Department of Immunology, and Jiangsu Key Laboratory of Medical Science and Laboratory Medicine, School of Medicine, Jiangsu University, Zhenjiang 212013, Jiangsu, China. 2Peking University People’s Hospital, Peking University Hepatology Institute, Beijing Key Laboratory of Hepatitis C and Immunotherapy for Liver Diseases, Beijing, 100044, China. 3Institute of Microbiology, Chinese Academy of Sciences, Beijing, 100101, China. 4Department of Biomedical Engineering, College of Engineering, Peking University, Beijing, 100871, China. *These authors contributed equally to this work. Correspondence and requests for materials should be addressed to Q.S. (email: [email protected]
) or H.C. (email: [email protected]
) Scientific Reports | 5:17950 | DOI: 10.1038/srep17950
Figure 1. Validation of Ion Torrent PGM sequencing for quantification of BCP and PC mutants. Validation of Ion Torrent PGM sequencing for quantification of (A) BCP and (B) PC mutants using reference plasmids with a range of pre-defined mutant ratios, 0%, 0.1%, 0.5%, 1%, 5%, 10%, 25%, 50% and 100%. Each sample was measured in triplicate and data presented as mean ± SE.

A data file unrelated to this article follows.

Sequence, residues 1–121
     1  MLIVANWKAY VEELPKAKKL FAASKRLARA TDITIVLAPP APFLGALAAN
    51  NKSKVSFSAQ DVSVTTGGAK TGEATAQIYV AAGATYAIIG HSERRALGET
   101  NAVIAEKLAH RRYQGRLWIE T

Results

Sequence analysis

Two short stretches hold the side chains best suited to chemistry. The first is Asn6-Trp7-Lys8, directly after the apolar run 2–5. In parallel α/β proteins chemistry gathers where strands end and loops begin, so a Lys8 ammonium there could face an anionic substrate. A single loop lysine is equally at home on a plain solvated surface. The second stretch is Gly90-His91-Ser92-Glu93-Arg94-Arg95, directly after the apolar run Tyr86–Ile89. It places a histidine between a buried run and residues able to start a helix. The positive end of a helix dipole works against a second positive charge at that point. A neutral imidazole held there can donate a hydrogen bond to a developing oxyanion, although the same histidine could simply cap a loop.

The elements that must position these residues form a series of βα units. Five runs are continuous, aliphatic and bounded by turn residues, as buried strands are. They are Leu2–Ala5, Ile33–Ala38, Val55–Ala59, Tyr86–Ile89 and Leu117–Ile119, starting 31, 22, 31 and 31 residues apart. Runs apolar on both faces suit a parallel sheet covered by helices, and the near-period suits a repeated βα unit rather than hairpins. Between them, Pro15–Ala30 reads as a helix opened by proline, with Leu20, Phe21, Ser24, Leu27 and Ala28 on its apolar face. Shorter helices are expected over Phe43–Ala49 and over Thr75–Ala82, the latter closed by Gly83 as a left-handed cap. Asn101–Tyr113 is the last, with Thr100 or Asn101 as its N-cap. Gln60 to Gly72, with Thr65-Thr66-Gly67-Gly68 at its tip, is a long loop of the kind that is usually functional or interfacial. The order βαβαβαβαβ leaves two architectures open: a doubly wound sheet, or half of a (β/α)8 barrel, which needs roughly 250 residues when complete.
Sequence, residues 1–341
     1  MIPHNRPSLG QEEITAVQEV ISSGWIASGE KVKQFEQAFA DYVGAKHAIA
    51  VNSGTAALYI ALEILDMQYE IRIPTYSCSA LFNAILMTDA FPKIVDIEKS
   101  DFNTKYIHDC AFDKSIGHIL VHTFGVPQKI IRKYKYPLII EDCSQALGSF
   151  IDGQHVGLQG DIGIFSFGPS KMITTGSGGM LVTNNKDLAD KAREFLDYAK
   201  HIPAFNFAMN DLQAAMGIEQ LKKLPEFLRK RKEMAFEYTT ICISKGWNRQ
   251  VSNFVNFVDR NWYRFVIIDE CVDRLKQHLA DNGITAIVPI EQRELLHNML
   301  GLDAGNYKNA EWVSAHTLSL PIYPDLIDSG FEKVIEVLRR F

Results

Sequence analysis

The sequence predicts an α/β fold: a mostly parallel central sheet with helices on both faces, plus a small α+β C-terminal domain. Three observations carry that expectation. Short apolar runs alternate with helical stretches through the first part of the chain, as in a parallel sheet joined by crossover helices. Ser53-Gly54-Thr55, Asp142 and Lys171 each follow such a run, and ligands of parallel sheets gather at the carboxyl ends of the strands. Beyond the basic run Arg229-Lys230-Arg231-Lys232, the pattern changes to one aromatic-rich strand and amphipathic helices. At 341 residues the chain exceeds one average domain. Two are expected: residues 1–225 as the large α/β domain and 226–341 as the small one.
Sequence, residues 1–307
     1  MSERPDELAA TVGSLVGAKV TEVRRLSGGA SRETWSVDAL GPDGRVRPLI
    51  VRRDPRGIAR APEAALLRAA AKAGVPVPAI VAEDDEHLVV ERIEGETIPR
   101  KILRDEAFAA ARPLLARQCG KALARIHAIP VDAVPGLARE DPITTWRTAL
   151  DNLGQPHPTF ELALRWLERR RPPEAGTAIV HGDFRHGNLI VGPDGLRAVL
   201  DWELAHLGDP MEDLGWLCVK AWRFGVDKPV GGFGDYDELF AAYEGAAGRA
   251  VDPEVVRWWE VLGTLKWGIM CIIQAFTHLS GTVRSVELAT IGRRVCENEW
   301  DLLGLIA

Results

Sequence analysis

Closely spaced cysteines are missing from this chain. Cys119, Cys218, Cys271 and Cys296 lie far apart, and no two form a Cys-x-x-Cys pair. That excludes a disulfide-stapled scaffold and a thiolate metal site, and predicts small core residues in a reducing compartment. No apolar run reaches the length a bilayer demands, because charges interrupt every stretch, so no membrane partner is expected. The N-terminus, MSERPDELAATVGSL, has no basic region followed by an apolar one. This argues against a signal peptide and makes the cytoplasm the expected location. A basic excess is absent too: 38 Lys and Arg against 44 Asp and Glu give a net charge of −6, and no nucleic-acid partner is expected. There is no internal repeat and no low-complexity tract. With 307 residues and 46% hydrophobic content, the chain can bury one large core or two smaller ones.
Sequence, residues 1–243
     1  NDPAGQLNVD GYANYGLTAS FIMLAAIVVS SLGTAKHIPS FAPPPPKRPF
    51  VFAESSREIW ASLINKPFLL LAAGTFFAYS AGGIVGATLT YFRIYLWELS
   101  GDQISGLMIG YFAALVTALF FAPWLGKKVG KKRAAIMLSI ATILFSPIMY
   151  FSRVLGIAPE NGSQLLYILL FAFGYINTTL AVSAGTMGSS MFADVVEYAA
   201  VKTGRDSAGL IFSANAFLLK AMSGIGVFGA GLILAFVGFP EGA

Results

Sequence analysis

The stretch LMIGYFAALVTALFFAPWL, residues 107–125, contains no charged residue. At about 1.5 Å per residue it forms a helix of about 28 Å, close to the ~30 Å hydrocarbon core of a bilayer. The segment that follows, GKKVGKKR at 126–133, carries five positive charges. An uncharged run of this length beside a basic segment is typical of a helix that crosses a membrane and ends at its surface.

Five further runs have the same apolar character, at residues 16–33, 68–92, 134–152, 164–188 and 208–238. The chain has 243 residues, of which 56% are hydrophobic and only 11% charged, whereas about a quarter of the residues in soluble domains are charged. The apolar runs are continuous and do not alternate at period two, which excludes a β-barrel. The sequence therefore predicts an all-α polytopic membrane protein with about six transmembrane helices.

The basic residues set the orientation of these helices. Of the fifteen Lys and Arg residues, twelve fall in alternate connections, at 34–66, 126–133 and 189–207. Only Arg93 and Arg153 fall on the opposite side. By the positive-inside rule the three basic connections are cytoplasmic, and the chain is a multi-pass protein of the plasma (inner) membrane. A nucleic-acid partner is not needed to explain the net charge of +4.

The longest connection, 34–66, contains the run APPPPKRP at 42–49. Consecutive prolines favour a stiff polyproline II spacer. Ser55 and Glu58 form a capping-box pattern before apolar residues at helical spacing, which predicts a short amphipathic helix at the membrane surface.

the quasispecies characteristics of BCP and PC mutants in HBeAg-positive CHB patients was limited. Therefore, a highly sensitive method is urgently to be developed to analyze the percentages of HBV mutants. With recent advances in next-generation sequencing (NGS) technologies such as Ion Torrent Personal Genome Machine (PGM) sequencing, quantification of viral mutants has become possible and more sensitive. Ion Torrent PGM sequencing is based on semiconductor technology, which allowing for low-cost, high sensitivity, large-scale production and high throughput11. It has been broadly applied in determining microbial community diversity and cancer unique mutations12,13. In this study, we developed a fast and sensitive quantitative method to analyze HBV mutants based on Ion Torrent PGM sequencer platform. We then took advantage of this assay to analyze the percentages of HBV EnhII/BCP/PC mutants in 58 HBeAg-positive CHB patients and correlate them with different viral and host factors.
Development and validation of Ion Torrent PGM sequencer platform for quantification of BCP and PC mutants. To confirm the accuracy of Ion Torrent PGM sequencing for quantification of HBV mutants,